GAD – Generalized Anxiety Disorder

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Generalized anxiety disorder
Classification and external resources
ICD10 F41.1
ICD9 300.02

Generalized anxiety disorder (GAD) is an anxiety disorder that is characterized by excessive, uncontrollable and often irrational worry about everyday things that is disproportionate to the actual source of worry. This excessive worry often interferes with daily functioning, as individuals suffering GAD typically anticipate disaster, and are overly concerned about everyday matters such as health issues, moneydeathfamily problems, friend problems, relationship problems or work difficulties.[1] Individuals often exhibit a variety of physical symptoms, including fatiguefidgetingheadachesnauseanumbness in hands and feet, muscle tension, muscle aches, difficulty swallowing, bouts of difficulty breathing, difficulty concentratingtremblingtwitchingirritabilityagitationsweatingrestlessnessinsomnia,hot flashes, and rashes and inability to fully control the anxiety (ICD-10).[2] These symptoms must be consistent and on-going, persisting at least six months, for a formal diagnosis of GAD to be introduced.[1] Approximately 6.8 million American adults experience GAD,[3] and 2 percent of adult Europeans, in any given year, experience GAD.[4]

Standardized rating scales such as GAD-7 can be used to assess severity of generalized anxiety disorder symptoms.[5] It is the most common cause of disability in the workplace in the United States.[6]

DSM-IV-TR criteria

 

DSM-IV-TR diagnostic criteria for generalized anxiety disorder are as follows:
A. Excessive anxiety and worry (apprehensive expectation), occurring more-days-than-not for at least 6 months, about a number of events or activities (such as work or school performance).
B. The person finds it difficult to control the worry.
C. The anxiety and worry are associated with three (or more) of the following six symptoms (with at least some symptoms present for more-days-than-not for the past 6 months).

 

  1. restlessness or feeling keyed up or on edge
  2. being easily fatigued
  3. difficulty concentrating or mind going blank
  4. irritability
  5. muscle tension
  6. sleep disturbance (difficulty falling or staying asleep, or restless unsatisfying sleep)

 

D. The focus of the anxiety and worry is not confined to features of other Axis I disorder (such as social phobia, OCD, PTSD etc.)
E. The anxiety, worry, or physical symptoms cause clinically significant distress or impairment in social, occupational, or other important areas of functioning.
F. The disturbance is not due to the direct physiological effects of a substance (e.g., a drug of abuse, a medication) or a general medical condition (e.g., hyperthyroidism), and does not occur exclusively during a mood disorder, psychotic disorder, or a pervasive developmental disorder.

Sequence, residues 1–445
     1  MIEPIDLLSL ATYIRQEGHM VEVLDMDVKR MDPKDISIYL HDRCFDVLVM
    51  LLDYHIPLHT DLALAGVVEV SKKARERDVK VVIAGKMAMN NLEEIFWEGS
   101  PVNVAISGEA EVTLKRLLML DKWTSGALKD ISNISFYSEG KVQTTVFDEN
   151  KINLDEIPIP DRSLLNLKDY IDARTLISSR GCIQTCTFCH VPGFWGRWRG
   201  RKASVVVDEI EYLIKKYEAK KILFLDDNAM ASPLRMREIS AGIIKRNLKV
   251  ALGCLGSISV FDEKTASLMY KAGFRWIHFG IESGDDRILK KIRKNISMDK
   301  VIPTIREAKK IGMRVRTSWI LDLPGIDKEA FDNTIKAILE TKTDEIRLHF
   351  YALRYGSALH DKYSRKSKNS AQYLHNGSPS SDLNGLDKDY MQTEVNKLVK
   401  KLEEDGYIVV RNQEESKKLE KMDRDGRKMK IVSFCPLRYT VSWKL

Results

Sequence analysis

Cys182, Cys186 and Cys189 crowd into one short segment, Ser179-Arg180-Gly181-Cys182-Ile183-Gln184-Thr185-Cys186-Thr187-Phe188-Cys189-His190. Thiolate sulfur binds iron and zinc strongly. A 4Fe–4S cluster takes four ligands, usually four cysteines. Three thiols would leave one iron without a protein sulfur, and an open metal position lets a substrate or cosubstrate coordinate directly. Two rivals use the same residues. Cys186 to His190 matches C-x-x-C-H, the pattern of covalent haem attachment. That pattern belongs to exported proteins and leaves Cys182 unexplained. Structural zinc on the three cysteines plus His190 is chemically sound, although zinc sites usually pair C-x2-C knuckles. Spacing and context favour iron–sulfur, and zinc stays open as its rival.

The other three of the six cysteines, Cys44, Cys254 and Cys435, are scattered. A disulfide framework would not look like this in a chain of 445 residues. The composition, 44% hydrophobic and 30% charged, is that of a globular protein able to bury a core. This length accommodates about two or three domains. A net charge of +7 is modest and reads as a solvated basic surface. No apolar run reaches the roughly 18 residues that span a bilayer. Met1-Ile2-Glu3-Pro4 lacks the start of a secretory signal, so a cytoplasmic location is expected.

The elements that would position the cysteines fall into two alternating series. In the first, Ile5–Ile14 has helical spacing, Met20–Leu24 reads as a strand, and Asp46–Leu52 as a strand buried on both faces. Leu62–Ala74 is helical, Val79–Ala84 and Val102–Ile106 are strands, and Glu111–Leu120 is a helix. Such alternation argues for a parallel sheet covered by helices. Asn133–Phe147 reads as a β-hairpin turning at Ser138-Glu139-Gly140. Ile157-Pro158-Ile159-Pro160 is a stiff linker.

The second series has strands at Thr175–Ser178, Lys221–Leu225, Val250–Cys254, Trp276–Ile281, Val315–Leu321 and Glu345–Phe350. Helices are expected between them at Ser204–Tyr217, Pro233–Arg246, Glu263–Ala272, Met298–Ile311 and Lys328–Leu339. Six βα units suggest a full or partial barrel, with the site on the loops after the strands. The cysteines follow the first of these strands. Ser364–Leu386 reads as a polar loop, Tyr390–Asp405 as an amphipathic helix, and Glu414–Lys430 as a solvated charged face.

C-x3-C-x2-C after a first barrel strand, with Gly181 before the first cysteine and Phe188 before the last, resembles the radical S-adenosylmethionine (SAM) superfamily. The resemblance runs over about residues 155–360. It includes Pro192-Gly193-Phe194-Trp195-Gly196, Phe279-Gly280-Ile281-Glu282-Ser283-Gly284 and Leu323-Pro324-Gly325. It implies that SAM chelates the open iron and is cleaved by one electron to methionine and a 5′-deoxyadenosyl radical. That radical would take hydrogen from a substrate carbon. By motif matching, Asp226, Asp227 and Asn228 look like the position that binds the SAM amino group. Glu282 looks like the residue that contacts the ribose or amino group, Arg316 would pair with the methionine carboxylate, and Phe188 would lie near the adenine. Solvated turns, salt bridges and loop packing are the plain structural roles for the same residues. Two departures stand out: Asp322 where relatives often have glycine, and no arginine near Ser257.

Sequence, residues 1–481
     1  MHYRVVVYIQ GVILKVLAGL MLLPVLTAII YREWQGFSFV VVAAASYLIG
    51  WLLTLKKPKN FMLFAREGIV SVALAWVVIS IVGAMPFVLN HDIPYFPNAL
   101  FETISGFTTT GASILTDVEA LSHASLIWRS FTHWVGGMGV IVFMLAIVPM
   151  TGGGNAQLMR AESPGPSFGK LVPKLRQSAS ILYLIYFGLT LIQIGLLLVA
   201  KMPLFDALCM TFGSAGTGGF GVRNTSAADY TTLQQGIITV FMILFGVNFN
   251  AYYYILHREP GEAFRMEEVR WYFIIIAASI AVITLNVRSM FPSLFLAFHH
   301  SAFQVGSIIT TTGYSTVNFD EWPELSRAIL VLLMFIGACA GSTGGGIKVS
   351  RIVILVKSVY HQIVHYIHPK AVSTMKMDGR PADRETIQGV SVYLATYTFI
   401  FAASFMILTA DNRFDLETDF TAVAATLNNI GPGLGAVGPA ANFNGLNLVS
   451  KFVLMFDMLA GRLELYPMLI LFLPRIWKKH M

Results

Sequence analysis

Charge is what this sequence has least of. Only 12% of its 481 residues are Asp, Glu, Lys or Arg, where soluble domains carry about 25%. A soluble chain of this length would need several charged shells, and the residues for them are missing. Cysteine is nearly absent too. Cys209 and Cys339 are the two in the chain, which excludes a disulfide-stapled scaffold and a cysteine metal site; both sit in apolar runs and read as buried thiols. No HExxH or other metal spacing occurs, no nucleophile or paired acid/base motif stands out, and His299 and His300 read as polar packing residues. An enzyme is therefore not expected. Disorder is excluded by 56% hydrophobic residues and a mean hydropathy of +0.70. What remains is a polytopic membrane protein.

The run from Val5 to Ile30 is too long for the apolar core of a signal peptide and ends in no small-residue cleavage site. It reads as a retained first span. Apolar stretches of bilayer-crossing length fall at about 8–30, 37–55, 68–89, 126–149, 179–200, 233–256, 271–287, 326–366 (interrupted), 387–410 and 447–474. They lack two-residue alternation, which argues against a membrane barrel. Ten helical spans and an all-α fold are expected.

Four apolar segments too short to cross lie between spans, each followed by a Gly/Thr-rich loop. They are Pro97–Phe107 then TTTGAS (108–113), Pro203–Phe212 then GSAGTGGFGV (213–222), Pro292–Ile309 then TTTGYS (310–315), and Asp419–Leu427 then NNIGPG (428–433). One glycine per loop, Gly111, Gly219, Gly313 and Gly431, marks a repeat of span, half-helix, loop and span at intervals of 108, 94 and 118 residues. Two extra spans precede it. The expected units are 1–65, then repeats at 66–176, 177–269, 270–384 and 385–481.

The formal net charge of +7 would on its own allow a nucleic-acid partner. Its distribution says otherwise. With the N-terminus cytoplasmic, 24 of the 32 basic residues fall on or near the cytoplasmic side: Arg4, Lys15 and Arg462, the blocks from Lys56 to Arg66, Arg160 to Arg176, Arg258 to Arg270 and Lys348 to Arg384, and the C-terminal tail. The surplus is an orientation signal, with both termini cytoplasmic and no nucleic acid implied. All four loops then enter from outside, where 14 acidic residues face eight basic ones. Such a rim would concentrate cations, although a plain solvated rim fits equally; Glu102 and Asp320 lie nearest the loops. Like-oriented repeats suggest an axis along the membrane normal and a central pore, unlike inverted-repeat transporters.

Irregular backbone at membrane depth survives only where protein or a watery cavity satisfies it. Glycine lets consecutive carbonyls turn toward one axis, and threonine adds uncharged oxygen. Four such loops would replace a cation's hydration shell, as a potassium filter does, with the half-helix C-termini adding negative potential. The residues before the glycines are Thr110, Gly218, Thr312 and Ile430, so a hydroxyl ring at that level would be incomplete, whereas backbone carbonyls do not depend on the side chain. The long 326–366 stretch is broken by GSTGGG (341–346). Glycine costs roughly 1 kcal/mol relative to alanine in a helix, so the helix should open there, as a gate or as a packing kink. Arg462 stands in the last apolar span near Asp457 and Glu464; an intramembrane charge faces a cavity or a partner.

[20]

 

[edit]ICD-10 criteria

 

F41.1 Generalized anxiety disorder
Note: For children different criteria may be applied (see F93.80).

 

A. A period of at least six months with prominent tension, worry and feelings of apprehension, about every-day events and problems.
B. At least four symptoms out of the following list of items must be present, of which at least one from items (1) to (4).

 

Autonomic arousal symptoms
(1) Palpitations or pounding heart, or accelerated heart rate.
(2) Sweating.
(3) Trembling or shaking.
(4) Dry mouth (not due to medication or dehydration).
Symptoms concerning chest and abdomen
(5) Difficulty breathing.
(6) Feeling of choking.
(7) Chest pain or discomfort.
(8) Nausea or abdominal distress (e.g. churning in stomach).
Symptoms concerning brain and mind
(9) Feeling dizzy, unsteady, faint or light-headed.
(10) Feelings that objects are unreal (derealization), or that one’s self is distant or “not really here” (depersonalization).
(11) Fear of losing control, going crazy, or passing out.
(12) Fear of dying.
General symptoms
(13) Hot flushes or cold chills.
(14) Numbness or tingling sensations.
Symptoms of tension
(15) Muscle tension or aches and pains.
(16) Restlessness and inability to relax.
(17) Feeling keyed up, or on edge, or of mental tension.
(18) A sensation of a lump in the throat, or difficulty with swallowing.
Other non-specific symptoms
(19) Exaggerated response to minor surprises or being startled.
(20) Difficulty in concentrating, or mind going blank, because of worrying or anxiety.
(21) Persistent irritability.
(22) Difficulty getting to sleep because of worrying.

 

C. The disorder does not meet the criteria for panic disorder (F41.0), phobic anxiety disorders (F40.-), obsessive-compulsive disorder (F42.-) or hypochondriacal disorder (F45.2).
D. Most commonly used exclusion criteria: not sustained by a physical disorder, such as hyperthyroidism, an organic mental disorder (F0) or psychoactive substance-related disorder (F1), such as excess consumption of amphetamine-like substances, or withdrawal from benzodiazepines.

 

Treatment

 

A meta-analysis of 35 studies[21] shows cognitive behavioral therapy to be more effective in the long term than pharmacologic treatment (drugs such as SSRIs), and while both treatments reduce anxiety, CBT is more effective in reducing depression.